The North African cities of Cyrene and Barce, in Cyrenaica, were renowned for their exports of silphium. This ancient plant had countless uses, from medicinal uses, flavouring in food, a delicacy in its own right, to an aphrodisiac and even as a contraceptive. It was extremely popular across the Mediterranean in antiquity.
So important was the silphium plant to the economies of Cyrene and Barce that both chose it for the designs of their coins. Taking pride of place on the obverse of the large tetradrachm above is an impressive depiction of the plant. The fact that the plant itself occupies the obverse of this coin, and the portrait of the revered Zeus Ammon appears on the reverse, should give us an idea of silphium’s importance. Depictions of the plant are far more numerous in the numismatic record than any other ancient medium. It is depictions such as this that have led archaeologists, historians and botanists to believe the silphium plant was some sort of giant fennel.
While many coins of Cyrene and Barce depict silphium in its full splendour, other, usually smaller denominations focus on a fascinating part of the plant. The seeds of the silphium plants ‘heart shaped’. This distinctive feature, combined with the plant’s supposed use as an aphrodisiac, has led many to believe it may have been the origin of the heart shape we know so well today.
The exact reason for the plant’s extinction remains a mystery. One theory is that popularity simply lead to overharvesting. Another is that silphium crops were used as animal feed (possibly to improve the quality of meat) and that this overgrazing led to the disappearance of the plant. This, combined with information provided by the ancient writer Theoprastus, who wrote that silphium was unable to be cultivated, may account for the extinction. He also mentions that harvesting or silphium and the tapping of its precious resin was strictly controlled, akin to mining rights, though these practises appear to have been largely ignored by the 1st Century BC.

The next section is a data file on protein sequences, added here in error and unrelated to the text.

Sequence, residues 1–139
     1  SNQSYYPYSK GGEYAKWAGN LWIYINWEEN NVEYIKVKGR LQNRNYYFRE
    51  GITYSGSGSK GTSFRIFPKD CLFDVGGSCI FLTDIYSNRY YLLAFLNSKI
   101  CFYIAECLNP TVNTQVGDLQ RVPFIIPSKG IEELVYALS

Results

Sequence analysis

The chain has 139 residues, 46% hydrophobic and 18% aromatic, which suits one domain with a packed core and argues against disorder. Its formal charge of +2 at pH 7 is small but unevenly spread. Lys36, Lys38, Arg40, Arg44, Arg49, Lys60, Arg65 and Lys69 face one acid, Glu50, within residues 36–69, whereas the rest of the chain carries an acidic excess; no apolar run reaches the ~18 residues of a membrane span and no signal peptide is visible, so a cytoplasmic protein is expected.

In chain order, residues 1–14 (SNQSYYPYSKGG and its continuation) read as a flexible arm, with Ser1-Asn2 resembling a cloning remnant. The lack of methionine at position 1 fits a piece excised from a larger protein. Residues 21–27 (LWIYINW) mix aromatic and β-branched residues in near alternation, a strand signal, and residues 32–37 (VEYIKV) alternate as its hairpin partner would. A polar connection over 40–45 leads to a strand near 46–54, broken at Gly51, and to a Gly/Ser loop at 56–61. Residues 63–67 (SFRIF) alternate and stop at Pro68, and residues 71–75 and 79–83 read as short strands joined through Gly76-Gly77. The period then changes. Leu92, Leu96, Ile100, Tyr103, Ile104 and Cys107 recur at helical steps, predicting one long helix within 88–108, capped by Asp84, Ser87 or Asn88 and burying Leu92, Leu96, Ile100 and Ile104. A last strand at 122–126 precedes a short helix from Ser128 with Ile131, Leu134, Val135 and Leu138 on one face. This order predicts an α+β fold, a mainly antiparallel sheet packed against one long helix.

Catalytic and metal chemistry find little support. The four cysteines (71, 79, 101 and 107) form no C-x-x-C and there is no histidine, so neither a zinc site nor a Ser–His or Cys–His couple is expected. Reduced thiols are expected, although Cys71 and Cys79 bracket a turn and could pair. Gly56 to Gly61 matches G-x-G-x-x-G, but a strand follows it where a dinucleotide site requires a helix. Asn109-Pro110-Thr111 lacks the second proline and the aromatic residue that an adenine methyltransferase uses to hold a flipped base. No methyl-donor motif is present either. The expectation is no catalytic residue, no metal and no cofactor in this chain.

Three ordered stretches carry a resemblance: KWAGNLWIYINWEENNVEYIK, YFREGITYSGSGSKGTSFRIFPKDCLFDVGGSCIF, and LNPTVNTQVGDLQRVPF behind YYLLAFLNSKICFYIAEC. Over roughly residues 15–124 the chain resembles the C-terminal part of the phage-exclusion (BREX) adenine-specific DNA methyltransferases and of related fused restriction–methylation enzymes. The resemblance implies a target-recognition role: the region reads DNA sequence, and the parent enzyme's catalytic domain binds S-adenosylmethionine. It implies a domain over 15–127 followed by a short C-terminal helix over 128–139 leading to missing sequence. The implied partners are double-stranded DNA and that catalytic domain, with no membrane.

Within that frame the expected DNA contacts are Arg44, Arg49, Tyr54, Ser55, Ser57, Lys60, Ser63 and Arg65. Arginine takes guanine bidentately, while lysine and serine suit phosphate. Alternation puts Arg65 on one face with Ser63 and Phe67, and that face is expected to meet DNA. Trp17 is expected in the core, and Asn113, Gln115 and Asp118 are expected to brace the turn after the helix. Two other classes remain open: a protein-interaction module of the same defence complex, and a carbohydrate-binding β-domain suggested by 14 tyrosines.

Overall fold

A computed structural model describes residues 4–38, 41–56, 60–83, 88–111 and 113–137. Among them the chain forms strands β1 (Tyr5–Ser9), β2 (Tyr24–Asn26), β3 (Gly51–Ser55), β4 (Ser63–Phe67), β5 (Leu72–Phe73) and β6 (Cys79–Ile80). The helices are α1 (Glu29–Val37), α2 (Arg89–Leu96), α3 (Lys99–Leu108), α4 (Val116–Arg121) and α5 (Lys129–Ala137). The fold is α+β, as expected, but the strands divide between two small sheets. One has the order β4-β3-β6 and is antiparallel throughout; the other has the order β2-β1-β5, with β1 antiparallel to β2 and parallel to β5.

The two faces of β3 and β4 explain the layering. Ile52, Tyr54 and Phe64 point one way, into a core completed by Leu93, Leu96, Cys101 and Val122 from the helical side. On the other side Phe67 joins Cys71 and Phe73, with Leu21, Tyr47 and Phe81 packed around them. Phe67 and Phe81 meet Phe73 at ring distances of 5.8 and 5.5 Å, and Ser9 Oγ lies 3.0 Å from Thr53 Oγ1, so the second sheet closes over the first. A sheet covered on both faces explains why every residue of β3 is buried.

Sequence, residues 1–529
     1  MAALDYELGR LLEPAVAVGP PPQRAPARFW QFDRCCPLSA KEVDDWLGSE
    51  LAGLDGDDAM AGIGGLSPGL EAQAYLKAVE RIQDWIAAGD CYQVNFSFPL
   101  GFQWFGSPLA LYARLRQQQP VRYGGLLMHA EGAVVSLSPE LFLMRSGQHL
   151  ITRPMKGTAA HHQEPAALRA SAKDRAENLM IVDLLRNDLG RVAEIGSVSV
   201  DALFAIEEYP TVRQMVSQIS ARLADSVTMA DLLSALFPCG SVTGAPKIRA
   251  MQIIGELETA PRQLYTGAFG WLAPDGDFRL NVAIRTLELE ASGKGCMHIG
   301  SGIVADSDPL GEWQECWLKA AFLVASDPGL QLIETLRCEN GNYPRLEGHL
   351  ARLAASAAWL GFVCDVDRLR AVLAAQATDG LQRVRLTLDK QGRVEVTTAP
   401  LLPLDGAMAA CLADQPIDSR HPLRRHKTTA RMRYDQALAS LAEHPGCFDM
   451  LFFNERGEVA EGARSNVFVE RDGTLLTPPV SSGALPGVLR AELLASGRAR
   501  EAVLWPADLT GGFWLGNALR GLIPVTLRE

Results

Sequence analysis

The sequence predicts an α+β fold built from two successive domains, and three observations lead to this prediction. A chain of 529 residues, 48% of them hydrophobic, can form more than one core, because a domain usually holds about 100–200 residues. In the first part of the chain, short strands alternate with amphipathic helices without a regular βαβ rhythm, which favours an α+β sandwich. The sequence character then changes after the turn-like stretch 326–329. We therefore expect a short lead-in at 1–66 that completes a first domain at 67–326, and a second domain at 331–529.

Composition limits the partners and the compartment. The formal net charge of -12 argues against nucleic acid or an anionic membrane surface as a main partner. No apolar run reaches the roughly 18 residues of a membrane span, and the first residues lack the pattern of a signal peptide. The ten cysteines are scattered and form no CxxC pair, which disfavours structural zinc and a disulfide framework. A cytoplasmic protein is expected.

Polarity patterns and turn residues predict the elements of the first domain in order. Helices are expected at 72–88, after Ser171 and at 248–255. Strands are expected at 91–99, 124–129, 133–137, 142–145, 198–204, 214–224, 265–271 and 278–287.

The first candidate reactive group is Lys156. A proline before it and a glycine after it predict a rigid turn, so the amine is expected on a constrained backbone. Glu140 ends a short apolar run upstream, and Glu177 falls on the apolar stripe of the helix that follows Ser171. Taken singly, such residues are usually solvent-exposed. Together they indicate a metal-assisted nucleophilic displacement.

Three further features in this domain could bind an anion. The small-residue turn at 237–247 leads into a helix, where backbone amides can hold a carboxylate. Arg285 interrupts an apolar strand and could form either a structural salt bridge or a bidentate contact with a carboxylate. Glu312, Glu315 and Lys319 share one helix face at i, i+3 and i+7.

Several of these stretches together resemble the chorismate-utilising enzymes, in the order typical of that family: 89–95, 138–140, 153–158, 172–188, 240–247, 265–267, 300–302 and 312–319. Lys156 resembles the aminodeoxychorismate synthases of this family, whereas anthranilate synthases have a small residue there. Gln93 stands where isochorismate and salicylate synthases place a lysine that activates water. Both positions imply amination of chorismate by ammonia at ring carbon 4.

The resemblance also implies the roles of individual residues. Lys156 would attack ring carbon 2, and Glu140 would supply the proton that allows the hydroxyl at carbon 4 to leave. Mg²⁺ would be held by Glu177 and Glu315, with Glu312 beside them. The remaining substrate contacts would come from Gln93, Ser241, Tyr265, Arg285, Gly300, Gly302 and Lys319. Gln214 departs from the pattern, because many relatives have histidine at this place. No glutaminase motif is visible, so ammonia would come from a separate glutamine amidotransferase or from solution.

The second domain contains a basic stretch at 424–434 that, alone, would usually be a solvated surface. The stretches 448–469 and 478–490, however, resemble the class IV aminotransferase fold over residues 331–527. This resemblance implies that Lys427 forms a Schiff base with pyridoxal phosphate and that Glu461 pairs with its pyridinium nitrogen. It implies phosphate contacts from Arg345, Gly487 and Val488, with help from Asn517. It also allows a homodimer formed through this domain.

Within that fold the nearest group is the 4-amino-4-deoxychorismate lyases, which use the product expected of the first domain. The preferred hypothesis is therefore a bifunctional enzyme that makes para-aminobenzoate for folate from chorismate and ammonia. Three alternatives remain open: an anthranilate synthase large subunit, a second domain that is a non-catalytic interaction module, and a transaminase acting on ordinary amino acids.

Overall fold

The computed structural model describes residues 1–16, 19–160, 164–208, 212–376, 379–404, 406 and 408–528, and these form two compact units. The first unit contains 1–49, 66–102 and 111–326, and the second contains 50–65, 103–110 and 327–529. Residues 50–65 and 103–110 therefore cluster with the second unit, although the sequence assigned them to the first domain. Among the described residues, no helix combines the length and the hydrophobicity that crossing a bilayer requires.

The cities of Cyrene and Barce would have been mostly reliant on a plant which was essentially wild, extremely sensitive to the nature of local soils and climate, and was difficult to cultivate. This, combined with the extreme popularity of the plant and it is not surprising that, by the 1st Century AD, silphium would be driven to extinction.
The author Pliny mentions that Silphium was, worth its weight in silver when it was still available, though by his time, had long been extinct. The final stalk of silphium was supposedly presented to the Emperor Nero as a curiosity. Given the emperor’s notoriously hedonistic nature, it would appear a fitting and poetic end for the legendary and mysterious ancient plant.